a. At the time she was on standard welfare, which paid bare bones cash each month. By getting herself declared "mentally ill" she would get literally twice the monthly cash in welfare payments. Disability pays much more than welfare.
b. Typical of the "mentally ill", she needed to convince everyone around her that she had social phobia. This, in her mind, would enhance her chances of convincing the psychiatrist!
c. She asked the preacher if she could get up before the church and tell them all to pray for her social phobia from the pulpit.
d. The preacher laughed at her and said: So you want to stand up in front of a crowd of 300 people and tell them all about how you are afraid of standing up in front of a crowd because you have a disease called social phobia! She blinked a few times, knowing she was busted. It was a conn and now her preacher knew for sure!
D. I don’t like spiders, snakes and mice: How to overcome any phobia!
1. Phobia comes from the Greek word for fear.
2. We were not born fearing anything.
3. We have learned every single fear we have.
4. Fearing snakes and spiders is something we learned.
5. Any phobia we have learned can be unlearned.
6. Phobia is a behaviour choice not a disease.
7. Phobias are hysteria. See main page on Hysteria.
8. All phobias are hysteria. See main page on Hysteria.
9. TV programs have actually documented how extremely spider phobic women can hold the spider at the end of the program.
10. "Many come to believe that spiders work in teams to watch them and follow them around. "I once ran outside completely naked," one woman confessed to Britain's Daily Telegraph. "I was about to have a shower and spotted two huge spiders on the wall. Luckily, it was sunny, so I hid in the garden until my husband came home."" (The Spiritual Brain, Mario Beauregard Ph.D., Neuroscientist, 2007, p137)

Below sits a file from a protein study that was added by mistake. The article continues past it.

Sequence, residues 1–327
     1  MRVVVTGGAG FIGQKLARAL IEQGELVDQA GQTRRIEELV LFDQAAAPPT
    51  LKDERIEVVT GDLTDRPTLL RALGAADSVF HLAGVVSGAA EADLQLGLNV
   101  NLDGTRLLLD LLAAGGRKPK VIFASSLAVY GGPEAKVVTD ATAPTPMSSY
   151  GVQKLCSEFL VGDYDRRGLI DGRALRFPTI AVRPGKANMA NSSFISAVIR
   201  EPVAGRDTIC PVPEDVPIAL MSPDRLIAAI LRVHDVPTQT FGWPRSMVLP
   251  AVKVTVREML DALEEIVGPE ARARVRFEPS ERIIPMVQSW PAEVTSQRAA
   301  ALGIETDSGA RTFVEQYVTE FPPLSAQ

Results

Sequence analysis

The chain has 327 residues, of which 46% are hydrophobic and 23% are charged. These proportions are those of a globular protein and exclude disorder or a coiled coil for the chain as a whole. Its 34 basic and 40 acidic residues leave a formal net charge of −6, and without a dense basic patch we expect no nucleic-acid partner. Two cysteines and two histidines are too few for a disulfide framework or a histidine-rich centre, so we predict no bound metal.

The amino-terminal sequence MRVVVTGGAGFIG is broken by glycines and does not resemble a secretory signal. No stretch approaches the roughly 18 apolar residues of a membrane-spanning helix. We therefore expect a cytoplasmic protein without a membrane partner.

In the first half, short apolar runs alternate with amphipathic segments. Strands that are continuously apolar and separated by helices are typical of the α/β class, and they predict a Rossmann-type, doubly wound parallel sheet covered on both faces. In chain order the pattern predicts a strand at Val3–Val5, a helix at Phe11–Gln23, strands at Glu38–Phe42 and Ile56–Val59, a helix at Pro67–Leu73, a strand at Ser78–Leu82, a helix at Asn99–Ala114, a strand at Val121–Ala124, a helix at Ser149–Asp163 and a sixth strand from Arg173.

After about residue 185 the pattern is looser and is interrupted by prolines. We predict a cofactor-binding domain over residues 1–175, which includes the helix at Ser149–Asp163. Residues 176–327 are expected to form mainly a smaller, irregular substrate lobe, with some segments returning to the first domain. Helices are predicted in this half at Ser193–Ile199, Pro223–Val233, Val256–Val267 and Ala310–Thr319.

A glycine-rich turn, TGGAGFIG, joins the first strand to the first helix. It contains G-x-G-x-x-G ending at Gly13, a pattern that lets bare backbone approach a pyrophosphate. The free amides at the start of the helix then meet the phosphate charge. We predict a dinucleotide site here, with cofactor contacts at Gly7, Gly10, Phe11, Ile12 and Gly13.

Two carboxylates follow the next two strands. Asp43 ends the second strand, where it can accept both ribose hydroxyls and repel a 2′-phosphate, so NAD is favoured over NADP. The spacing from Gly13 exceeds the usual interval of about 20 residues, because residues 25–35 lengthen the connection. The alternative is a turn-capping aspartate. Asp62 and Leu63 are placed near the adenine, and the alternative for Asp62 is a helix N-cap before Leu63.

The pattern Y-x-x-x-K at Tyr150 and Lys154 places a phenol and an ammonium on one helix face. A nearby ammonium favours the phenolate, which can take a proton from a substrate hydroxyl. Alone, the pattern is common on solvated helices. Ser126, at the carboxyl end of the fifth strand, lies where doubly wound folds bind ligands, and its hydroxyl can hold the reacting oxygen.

11. "Generally, spider phobia can be cured. Cognitive behavior therapy (CBT) is especially effective. CBT consists of two parts. Phobics (1) gradually desensitize themselves to the presence of spiders and (2) learn natural facts about spiders that resolve fears. (For example, spiders do not work in teams, and they never stalk humans.) But reorganizing one's mind and brain around the nature of spiders raises a question of what is really happening. Is the phobic's brain simply being reprogrammed by outside forces, or is a mind that makes choices controlling and reorganizing its brain?" (The Spiritual Brain, Mario Beauregard Ph.D., Neuroscientist, 2007, p137)
12. "These findings suggest that, without drugs, devices, rewards, or threats, the phobic subjects had gradually rewired their own brains over the four weeks, so that they no longer felt the fear that had limited their lives. They support the conclusions of previous PET studies showing that psychotherapy can lead to adaptive regional brain metabolic changes in patients suffering from major depression and OCD. They also indicate that the changes made at the mind level, through psychotherapy, can functionally "rewire" the brain. In other words, "change the mind and you change the brain."" (The Spiritual Brain, Mario Beauregard Ph.D., Neuroscientist, 2007, p 139, He gives two case examples: Archives of General Psychiatry 53, 1996, 109-13 and 58, 2001, 631-40)
13. "A nonmaterialist [ie. that man has a spirit distinct from his body] approach to the mind is not only philosophically defensible; it is critical to alleviating some psychiatric disorders. Obsessive-compulsive disorder and phobias, for example, may be more effectively alleviated if the mind recognizes and reorganizes destructive brain patterns. This is not to disparage the role of drugs, therapy, or other useful interventions, but ultimately the mind is the most effective agent of change for the brain." (The Spiritual Brain, Mario Beauregard Ph.D., Neuroscientist, 2007, p 126)
D. Cases of phobia, anxiety and hysteria:
Social Phobia (SP)
Panic Disorder (PD)
1. Anxiety is an emotion that results from a choice whose origin is the human spirit.
a. Anxiety is a behaviour choice not a disease.
b. It is important to ask, "What benefit is this individual deriving from engaging in this behaviour of anxiety." Often anxiety is a means to an end for personal gain.
c. There is no scientific evidence that any anxiety disorder is caused by a chemical imbalance in the brain.
d. Jesus commanded us not to be anxious. Work on your self-control instead of drugs to free yourself of all anxiety.
2. All Phobias are learned behaviour that can be unlearned.
a. Phobias are Hysteria.
b. Jesus told us that perfect love drives out fear.
By Steve Rudd: Contact the author for comments, input or corrections.